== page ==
by Nastia VoynovskayaPosted on

The Amazons of Dahomey were an all-female military regiment founded in the 16th century in the Kingdom of Dahomey (present-day Republic of Benin). By the end of the 19th century, they comprised a third of the nation’s army and were thought to be more valuable on the battle field than their male counterparts. French artist YZ, whose portrait-based work frequently taps into civil rights themes, recently paid homage to these female warriors with her public art series in Senegal, “Amazon.” Painted on the sides of houses in a Senegalese village, the monochromatic portraits symbolize a story of female strength often left untold.

by Nastia VoynovskayaPosted on

Yu Suda’s ink paintings evoke the iconic style of Japan’s Edo period, but his subject matter is a bizarre mix of anachronistic and contemporary imagery. His hyperactive work displays a thirst for action and adventure and a bizarre sense of humor. In one piece, a young man rides on the back of a horse-faced person on a skateboard. In another, a protagonist blasts away on an anthropomorphic, cloud-motorcycle hybrid with a goofy grin. Suda’s solo show “There Is Something Wrong with Yu Suda” opens at Hellion Gallery in Portland on February 5.

by Nastia VoynovskayaPosted on

Ignacio Canales Aracil presses flowers using voluminous molds that shape them into fragile vessels with a colorful, lace-like surface. Even as the seasons change, his process preserves the essence of spring. With their full forms intact, the flowers have a liveliness to them, even as they transform into these manmade shapes. Canales Aracil recently exhibited at Museo Sorolla in Madrid and currently is part of a group show on view through February 28 at Galeria Lucia Mendoza in the Spanish capital, as well.

by CaroPosted on

The colorful works of Hawaii native Ekundayo (HF Vol. 9) combine surrealism with influences from his graffiti days. His paintings sometimes lean on the nightmarish, as in his portrayal of anthropomorphic subjects in haunting scenes. On Saturday, he will debut a new series with “Collective Reflections” at Thinkspace gallery in Los Angeles. Ekundayo describes his solo as a “gift to that feeling I know we all connect to when reaching deep within ourselves.” Check out our preview after the jump!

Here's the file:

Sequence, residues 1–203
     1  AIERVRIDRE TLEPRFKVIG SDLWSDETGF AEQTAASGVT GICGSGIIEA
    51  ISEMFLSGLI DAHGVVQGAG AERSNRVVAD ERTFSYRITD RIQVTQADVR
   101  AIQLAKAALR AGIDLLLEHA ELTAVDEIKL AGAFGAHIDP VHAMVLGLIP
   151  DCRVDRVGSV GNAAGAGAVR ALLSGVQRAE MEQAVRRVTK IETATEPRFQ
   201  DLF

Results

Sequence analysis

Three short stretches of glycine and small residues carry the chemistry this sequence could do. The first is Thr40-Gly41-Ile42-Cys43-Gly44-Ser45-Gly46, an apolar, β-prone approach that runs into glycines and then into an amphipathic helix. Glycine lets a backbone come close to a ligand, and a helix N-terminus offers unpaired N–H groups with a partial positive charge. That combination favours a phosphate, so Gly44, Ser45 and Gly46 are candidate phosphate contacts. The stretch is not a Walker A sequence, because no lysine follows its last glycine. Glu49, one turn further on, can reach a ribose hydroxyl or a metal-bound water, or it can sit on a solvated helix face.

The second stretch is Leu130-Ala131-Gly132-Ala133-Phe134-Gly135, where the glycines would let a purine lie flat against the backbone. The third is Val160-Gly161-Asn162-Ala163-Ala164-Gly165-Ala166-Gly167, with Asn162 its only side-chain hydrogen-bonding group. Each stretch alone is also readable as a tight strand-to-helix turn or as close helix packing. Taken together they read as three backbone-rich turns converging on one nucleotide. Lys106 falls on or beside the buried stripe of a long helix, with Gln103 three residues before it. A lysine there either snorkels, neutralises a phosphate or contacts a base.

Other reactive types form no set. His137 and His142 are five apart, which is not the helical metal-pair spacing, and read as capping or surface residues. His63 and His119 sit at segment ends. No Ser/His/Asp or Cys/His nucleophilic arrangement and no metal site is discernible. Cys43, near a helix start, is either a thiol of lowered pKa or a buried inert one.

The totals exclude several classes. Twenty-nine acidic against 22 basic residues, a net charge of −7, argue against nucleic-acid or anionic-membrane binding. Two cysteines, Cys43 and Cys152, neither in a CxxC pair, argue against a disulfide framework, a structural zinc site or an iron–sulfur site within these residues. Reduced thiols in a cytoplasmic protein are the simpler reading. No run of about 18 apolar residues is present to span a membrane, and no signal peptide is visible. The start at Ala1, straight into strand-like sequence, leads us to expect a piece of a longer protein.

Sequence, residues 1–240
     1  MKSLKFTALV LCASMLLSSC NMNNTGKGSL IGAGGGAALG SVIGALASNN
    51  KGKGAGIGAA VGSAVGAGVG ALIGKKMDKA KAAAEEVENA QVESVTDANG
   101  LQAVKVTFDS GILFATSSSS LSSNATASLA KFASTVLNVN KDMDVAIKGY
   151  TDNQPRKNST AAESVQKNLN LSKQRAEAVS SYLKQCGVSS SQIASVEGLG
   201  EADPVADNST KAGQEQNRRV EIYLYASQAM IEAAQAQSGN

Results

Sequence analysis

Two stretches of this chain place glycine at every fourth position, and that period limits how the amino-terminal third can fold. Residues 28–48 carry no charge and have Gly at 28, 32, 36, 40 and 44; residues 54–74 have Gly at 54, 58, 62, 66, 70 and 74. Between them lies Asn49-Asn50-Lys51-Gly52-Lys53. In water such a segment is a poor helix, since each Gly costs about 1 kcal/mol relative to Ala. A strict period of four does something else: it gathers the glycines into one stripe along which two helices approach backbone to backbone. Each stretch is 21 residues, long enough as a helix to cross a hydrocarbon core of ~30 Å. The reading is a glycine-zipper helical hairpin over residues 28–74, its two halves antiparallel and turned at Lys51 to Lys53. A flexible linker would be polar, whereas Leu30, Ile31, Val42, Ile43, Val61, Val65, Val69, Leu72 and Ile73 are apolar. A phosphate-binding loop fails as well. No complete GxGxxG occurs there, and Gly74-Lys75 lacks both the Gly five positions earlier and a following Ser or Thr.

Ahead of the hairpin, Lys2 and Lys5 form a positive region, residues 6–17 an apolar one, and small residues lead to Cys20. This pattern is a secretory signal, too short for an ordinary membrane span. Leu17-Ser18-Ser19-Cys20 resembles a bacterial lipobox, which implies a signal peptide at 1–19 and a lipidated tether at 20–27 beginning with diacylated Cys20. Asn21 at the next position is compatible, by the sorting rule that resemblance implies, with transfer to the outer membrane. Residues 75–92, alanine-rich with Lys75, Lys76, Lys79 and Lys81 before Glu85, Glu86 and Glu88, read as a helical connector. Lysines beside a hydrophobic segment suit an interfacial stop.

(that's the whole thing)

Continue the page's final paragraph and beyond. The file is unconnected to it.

by Nastia VoynovskayaPosted on

An avid enthusiast of mythology and cartography, Toronto-based artist Bailey Henderson sculpts the fearsome sea creatures depicted on medieval and Renaissance-era maps. She brings her bronze sculptures to life with acrylic paint and powdered pigment, creating dimensional versions of the mythical beasts sailors once feared. There’s Ziphius, a bird-faced orca rumored to slice boats in half with its dorsal fin; the cockatrice, a rooster-dragon known to kill by breathing on its victims; and the pinniped, a dog-like seal with protruding tusks. Henderson’s work is often whimsical and humorous, and brings with it a bit of history that makes it all the more fascinating.

by Nastia VoynovskayaPosted on

Dave Kinsey debuts his new body of work, “Ashes to Ashes,” at Die Kunstagentin in Cologne, Germany on February 5. Known for his bold color palette of deep blues and aquatic teals with jarring, red accents, Kinsey went in an abstract direction with this new series of paintings. While humanoid characters are discernible, Kinsey only creates the slightest semblance of recognizable figures. Dabs of color coalesce into desolate landscapes with seemingly gigantic characters towering overhead. Because of Kinsey’s techniques, the narrative aspect of the work gets muffled and its formal qualities come to the forefront.